On Dec. 9, 1871, the San Francisco Chronicle ran a story about a “specter” that had appeared in the upstairs window of a house on Mason Street. The ghostly face had been scaring neighbors for five days at that point, and as word spread, hundreds of people from all over the city flocked to see it, gridlocking an entire stretch of North Beach.
For One Week in 1871, San Francisco Went Loopy Over ‘Haunted’ Windows
It was children who first noticed the face in the window at 2119 Mason Street. When they pointed it out to the occupant, a Swedish widow named Mrs. Jorgenson, she investigated the room and found nothing out of place. The Chronicle later noted: “The room in which the specter-bearing window stands is small and contains a picture and a looking-glass among the rest of the articles of furniture. Therefore, there is no object which might produce on the window the reflection of a human face.”
As gossip spread throughout North Beach that her dead husband had come home to haunt her, Mrs. Jorgenson was forced to repeatedly point out that the man in the window didn’t even look like him. Which may have been a bit of a shame for her, given that in its front page follow-up report on Dec. 10, the Chronicle described the window ghost as “rather handsome.”
The paper provided both an artist’s rendering of the apparition and a detailed description. “The image is of life-size,” it reported, “with mustache and goatee; well-defined hair parted in the middle, and waving off the forehead.” The paper also said: “The eyes are quite distinct and, from a circular rim beneath each, seem to be spectacled. The head is pensively cast on the left shoulder,” with an expression that appeared “thoughtful and rather sad.”
The same day the Chronicle’s first report came out, the window was purchased for $250 by Robert B. Woodward, the owner of Woodward’s Gardens. “The Gardens,” as it was commonly referred to at the time, was a popular amusement park that was open between 1866 and 1891. It occupied the block bounded by Mission, Duboce, Valencia and 14th Streets, and it squeezed a lot into that space—including a museum, art gallery, zoo, aquarium, botanical gardens and—as of 1871—a haunted window section.
Woodward got the glass in the nick of time—the Superintendent of the North Beach and Mission Railroad arrived later that day in the hopes of also buying it.
While Woodward was busy removing Mrs. Jorgenson’s window on Mason, half a block away at 708 Lombard Street, another window was causing a furor. And the ghost face in this one, the Chronicle was careful to detail, wasn’t nearly as dashing as the first. “The apparition is of an elderly gentleman with very grotesque features,” it reported. “He presents a profile view, and is looking contemplatively upward. The pane of glass is rather small, and the old gentleman’s head seems to be squeezed in.”
When the homeowner John J. Hucks, noticed the commotion gathering in front of his house, he rushed outside and told them, in no uncertain terms, to scram. “Mr. Hucks was terribly wrothy,” The Chronicle noted. “He asked us of who and what we were and on hearing our business, broke out violently, declaring that he ‘wanted no such damned thing as that put in the Chronicle’ about his house.”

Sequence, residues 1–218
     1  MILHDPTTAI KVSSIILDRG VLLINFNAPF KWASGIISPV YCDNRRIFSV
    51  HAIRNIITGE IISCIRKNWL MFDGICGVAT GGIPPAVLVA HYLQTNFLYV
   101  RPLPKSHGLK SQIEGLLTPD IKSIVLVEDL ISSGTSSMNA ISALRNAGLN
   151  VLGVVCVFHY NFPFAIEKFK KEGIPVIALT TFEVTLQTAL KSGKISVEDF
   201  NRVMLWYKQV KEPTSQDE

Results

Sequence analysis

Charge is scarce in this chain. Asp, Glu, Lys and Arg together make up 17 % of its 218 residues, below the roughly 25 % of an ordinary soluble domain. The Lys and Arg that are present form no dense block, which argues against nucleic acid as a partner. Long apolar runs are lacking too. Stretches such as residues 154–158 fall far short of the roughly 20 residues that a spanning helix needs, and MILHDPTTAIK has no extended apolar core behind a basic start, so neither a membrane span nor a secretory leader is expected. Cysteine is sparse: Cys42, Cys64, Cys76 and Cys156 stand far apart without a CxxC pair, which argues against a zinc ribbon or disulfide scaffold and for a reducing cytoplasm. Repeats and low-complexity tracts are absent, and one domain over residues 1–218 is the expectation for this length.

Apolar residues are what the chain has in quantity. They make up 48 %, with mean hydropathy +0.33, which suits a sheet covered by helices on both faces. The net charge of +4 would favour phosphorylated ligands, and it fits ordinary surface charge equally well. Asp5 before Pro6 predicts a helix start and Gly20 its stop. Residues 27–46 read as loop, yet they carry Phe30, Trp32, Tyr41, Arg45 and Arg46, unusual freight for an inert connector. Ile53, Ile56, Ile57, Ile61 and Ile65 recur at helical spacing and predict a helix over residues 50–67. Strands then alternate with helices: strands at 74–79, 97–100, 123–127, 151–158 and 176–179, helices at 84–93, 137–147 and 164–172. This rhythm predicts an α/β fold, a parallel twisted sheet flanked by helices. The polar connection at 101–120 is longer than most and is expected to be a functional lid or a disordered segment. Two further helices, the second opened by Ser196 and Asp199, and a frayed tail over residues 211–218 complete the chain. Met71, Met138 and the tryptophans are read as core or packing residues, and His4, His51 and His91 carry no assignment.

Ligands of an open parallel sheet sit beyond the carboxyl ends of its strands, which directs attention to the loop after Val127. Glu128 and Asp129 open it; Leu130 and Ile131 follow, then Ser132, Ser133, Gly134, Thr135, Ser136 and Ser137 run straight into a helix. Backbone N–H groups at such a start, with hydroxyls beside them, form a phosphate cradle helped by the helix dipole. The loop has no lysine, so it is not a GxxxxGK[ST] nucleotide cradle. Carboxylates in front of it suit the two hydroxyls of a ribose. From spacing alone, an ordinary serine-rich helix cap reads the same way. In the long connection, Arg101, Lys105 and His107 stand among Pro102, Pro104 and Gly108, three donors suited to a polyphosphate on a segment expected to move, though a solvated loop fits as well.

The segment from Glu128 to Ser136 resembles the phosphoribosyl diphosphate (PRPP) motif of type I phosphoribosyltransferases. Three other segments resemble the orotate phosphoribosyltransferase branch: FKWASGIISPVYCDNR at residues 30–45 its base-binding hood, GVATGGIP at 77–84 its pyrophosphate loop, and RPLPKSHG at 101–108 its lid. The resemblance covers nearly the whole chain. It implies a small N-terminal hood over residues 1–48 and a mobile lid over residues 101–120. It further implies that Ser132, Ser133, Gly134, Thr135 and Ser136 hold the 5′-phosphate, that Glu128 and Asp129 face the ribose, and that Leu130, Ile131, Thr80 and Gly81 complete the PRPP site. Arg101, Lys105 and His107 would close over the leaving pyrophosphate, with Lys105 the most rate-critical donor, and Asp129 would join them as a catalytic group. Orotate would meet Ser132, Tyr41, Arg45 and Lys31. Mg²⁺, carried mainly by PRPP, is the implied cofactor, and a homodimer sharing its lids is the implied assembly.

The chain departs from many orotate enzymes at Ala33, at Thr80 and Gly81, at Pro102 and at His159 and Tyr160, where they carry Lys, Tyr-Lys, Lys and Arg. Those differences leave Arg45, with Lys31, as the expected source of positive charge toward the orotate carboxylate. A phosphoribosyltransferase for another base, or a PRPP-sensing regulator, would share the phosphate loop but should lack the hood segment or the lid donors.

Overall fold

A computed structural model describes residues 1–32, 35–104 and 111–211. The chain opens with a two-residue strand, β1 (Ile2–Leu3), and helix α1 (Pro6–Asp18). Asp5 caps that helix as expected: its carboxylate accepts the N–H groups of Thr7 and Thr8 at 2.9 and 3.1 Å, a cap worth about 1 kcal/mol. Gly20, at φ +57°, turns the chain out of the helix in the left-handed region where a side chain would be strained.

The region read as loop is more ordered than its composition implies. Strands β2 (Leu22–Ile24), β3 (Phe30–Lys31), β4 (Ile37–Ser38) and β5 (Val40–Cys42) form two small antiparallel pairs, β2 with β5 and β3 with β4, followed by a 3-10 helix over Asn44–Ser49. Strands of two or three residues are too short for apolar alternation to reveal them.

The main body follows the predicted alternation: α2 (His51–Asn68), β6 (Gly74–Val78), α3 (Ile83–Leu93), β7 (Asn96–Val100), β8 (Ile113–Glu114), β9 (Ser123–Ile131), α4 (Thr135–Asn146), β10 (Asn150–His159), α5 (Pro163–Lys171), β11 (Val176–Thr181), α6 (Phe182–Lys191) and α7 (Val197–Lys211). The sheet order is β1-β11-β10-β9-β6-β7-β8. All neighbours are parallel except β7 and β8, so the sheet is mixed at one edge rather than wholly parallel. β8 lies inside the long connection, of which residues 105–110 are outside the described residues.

Hucks’ mood probably lifted after Robert B. Woodward arrived later that afternoon and handed over $250 for the window.
By then, attention had shifted to yet another house on Mason Street. Spotted in the window of number 2109 was a—wait for it!—spectral butterfly. Based on his text, this appears to have been the breaking point for the Chronicle reporter. “What the object of any spirit may be in assuming the shape of a butterfly, we can’t see,” he wrote, “unless it is to make a poor reporter overhaul numerous huge volumes of entomology, for the purpose of finding out the particular caterpillar he comes from.”
Shortly after the butterfly image “faded away and gradually disappeared,” the reporter and his sketch artist were informed by a frantic man running up the street “with one boot off” of a fourth ghost window—this one at Mason and Green. “But we had our fill of specters,” the newspaper reported. “It was getting rather monotonous, this ghost business. So we determined not to interview this fourth abomination.”
At the article’s conclusion, it was suggested that the “ghosts” were, in all likelihood, merely “iridescent formations” resulting from a combination of “dust and moisture.” By that stage, it didn’t much matter. Robert B. Woodward was already proudly displaying the “Ghost Sensation!” attraction at his amusement park and the city was filled with enough believers to go and visit it.
In 1893, 14 years after his death, Woodward’s collection of 75,000 curios and objet d’art were auctioned off. Adolph Sutro snapped up a lot of items that would later be displayed at the Sutro Baths—but it’s unclear exactly where the windows ended up. If not for the Chronicle’s willingness to report on such a strange episode, the ghostly windows—and the wacky behavior they inspired—would likely have been lost to the ravages of time. Now they may just live on forever, as all good window ghosts should.